12

 
 
5. ALLOWANCE FOR LOAN LOSSES AND CREDIT QUALITY INFORMATION

Allowance for Loan Losses

We maintain allowances for loan losses and charge losses to these allowances when such losses are realized. The determination of the allowance for loan losses requires significant judgment reflecting our best estimate of impairment related to specifically identified loans as well as probable loan losses in the remaining loan portfolio. Our evaluation is based upon a continuing review of these portfolios.

The following table provides the activity of the allowance for loan losses and loan balances for the three months ended March 31, 2011:
 
 
 
   
Commercial
   
 
   
 
   
 
   
 
   
 
 
 
 
Commercial
   
Mortgages
   
Construction
   
Residential
   
Consumer
   
Total
   
 
 
Allowance for loan losses
 
(In thousands)
   
 
 
 
 
 
   
 
   
 
   
 
   
 
   
 
   
 
 
Beginning balance
  $ 26,480     $ 10,564     $ 10,019     $ 4,028     $ 9,248     $ 60,339    
 
 
   Charge-offs
    (3,365 )     (247 )     (5,226 )     (406 )     (1,756 )     (11,000 )  
 
 
   Recoveries
    127       8       391       85       142       753    
 
 
   Provision
    1,294       1,541       1,474       56       1,543       5,908    
 
 
Ending balance
  $ 24,536     $ 11,866     $ 6,658     $ 3,763     $ 9,177     $ 56,000    
 
 
 
                                                 
 
 
Period-end allowance allocated to:
                                                 
 
 
   Specific reserves(1)
  $ 4,169     $ 3,297     $ 1,393     $ 778     $ 121     $ 9,758    
 
 
   General reserves(2)
    20,367       8,569       5,265       2,985       9,056       46,242    
 
 
Ending balance
  $ 24,536     $ 11,866     $ 6,658     $ 3,763     $ 9,177     $ 56,000    
 
 
 
                                                 
 
 
Period-end loan balances evaluated for:
                                                 
 
 
   Specific reserves(1)
  $ 23,252     $ 15,032     $ 30,942     $ 18,501     $ 5,548     $ 93,275  (3)        
   General reserves(2)
    1,263,725       607,209       98,090       284,944       298,828       2,552,796          
Ending balance
  $ 1,286,977     $ 622,241     $ 129,032     $ 303,445     $ 304,376     $ 2,646,071          
 
                                                       
 
         
 
(1) Specific reserves represent loans individually evaluated for impairment
(2) General reserves represent loans collectively evaluated for impairment
(3) The difference between this amount and nonaccruing loans at March 31, 2011, represents accruing troubled debt restructured loans of $7.6 million.

 
13

 
Non-Accrual and Past Due Loans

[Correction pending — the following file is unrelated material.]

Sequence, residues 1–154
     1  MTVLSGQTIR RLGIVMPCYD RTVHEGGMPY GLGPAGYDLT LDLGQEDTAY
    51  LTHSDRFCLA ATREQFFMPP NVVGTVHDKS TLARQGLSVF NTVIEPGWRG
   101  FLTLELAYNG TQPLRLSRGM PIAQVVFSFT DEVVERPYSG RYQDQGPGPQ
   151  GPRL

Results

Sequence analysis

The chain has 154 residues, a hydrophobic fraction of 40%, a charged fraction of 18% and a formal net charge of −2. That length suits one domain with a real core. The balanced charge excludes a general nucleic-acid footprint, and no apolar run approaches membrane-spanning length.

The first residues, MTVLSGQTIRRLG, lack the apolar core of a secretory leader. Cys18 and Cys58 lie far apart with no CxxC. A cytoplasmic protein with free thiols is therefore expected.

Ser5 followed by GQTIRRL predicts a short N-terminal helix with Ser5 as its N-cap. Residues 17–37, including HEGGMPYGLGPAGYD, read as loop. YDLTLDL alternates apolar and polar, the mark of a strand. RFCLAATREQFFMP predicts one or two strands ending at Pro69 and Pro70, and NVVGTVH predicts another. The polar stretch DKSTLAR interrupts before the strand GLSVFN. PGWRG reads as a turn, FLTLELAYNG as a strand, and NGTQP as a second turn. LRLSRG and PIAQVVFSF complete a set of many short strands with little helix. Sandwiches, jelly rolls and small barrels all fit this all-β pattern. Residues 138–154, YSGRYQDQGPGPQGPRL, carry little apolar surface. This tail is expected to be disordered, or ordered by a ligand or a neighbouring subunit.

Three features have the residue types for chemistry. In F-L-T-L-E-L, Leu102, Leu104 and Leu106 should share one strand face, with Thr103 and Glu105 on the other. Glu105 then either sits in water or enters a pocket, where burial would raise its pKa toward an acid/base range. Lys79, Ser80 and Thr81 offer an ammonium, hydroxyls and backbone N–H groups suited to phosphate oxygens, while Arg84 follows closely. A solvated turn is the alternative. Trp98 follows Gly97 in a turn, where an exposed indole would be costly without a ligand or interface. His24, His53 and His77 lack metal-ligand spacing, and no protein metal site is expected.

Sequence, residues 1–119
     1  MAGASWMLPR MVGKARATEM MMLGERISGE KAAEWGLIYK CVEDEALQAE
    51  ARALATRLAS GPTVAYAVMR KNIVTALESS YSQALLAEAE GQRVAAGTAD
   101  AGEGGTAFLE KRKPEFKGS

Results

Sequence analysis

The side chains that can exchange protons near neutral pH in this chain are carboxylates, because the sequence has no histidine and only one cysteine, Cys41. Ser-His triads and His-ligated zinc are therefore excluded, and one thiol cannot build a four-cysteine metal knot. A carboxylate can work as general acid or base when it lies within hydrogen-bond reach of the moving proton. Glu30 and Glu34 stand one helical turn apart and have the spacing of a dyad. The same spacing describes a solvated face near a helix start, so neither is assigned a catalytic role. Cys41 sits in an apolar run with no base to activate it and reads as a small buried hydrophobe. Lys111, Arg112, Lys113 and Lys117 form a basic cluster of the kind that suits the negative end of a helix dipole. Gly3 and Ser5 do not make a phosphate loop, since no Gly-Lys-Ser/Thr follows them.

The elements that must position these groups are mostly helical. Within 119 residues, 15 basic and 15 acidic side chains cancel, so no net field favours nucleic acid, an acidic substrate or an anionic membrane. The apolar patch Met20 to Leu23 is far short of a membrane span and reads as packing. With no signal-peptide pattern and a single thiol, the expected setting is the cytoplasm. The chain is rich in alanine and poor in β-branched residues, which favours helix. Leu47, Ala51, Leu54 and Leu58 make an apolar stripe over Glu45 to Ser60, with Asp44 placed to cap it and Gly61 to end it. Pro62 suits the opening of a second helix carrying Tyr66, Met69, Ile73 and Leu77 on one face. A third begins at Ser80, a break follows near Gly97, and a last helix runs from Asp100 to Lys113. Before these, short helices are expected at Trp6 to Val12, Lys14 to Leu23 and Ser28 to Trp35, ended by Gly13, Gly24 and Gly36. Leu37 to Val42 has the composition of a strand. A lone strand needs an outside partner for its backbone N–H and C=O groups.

The following tables show our nonaccrual and past due loans at the dates indicated:
 
                                         Greater        
 
 
30–59
   
60–89
   
Greater
   
Total
   
 
   
 
   
than 90
   
 
 
March 31, 2011
 
Days
   
Days
   
than
   
Past
   
 
   
Total
   
Days and
   
Nonaccrual
 
(In Thousands)
 
Past Due
   
Past Due
   
90 Days
   
Due (1)
   
Current
   
Loans
   
Accruing
   
Loans
 
 
 
 
   
 
   
 
   
 
   
 
   
 
   
 
   
 
 
Commercial
  $ 9,532     $ 2,386     $ 10,230     $ 22,148     $ 1,264,829     $ 1,286,977     $ 424     $ 23,300  
Commercial mortgages
    5,415       5,765       2,348       13,528       608,713       622,241       -       15,229  
Construction
    906       6,064       11,361       18,331       110,701       129,032       -       30,942  
Residential
    5,631       2,960       9,286       17,877       285,568       303,445       576       12,250  
Consumer
    1,353       770       939       3,062       301,314       304,376       -       4,153  
 
                                                               
Total
  $ 22,837     $ 17,945     $ 34,164     $ 74,946     $ 2,571,125     $ 2,646,071     $ 1,000     $ 85,874  
% of Total Loans
    0.86 %     0.68 %     1.29 %     2.83 %     97.17 %     100 %     0.04 %     3.25 %
 
                                                               
                                                 Greater          
 
   30–59        60–89      
Greater
     Total                      
than 90
         
December 31, 2010
 
Days
   
Days
   
than
   
Past
           
Total
   
Days and
   
Nonaccrual
 
(In Thousands)
 
Past Due
   
Past Due
   
90 Days
   
Due (1)
   
Current
   
Loans
   
Accruing
   
Loans
 
Commercial
  $ 3,004     $ 692     $ 8,755     $ 12,451     $ 1,225,595     $ 1,238,046     $ -     $ 21,577  
Commercial mortgages
    6,574       -       2,056       8,630       613,368       621,998       -       9,490  
Construction
    1,685       3,980       14,238       19,903       120,756       140,659       -       30,260  
Residential
    6,913       2,024       9,658       18,595       291,900       310,495       465       11,739  
Consumer
    1,355       261       1,756       3,372       307,137       310,509       -       3,701  
 
                                                               
Total
  $ 19,531     $ 6,957     $ 36,463     $ 62,951     $ 2,558,756     $ 2,621,707     $ 465     $ 76,767  
% of Total Loans
    0.74 %     0.27 %     1.38 %     2.39 %     97.61 %     100 %     0.02 %     2.93 %
 
(1)  Includes nonaccruing and accruing delinquent loan balances.
 
Impaired Loans

The following tables provide an analysis of our impaired loans at March 31, 2011 and December 31, 2010: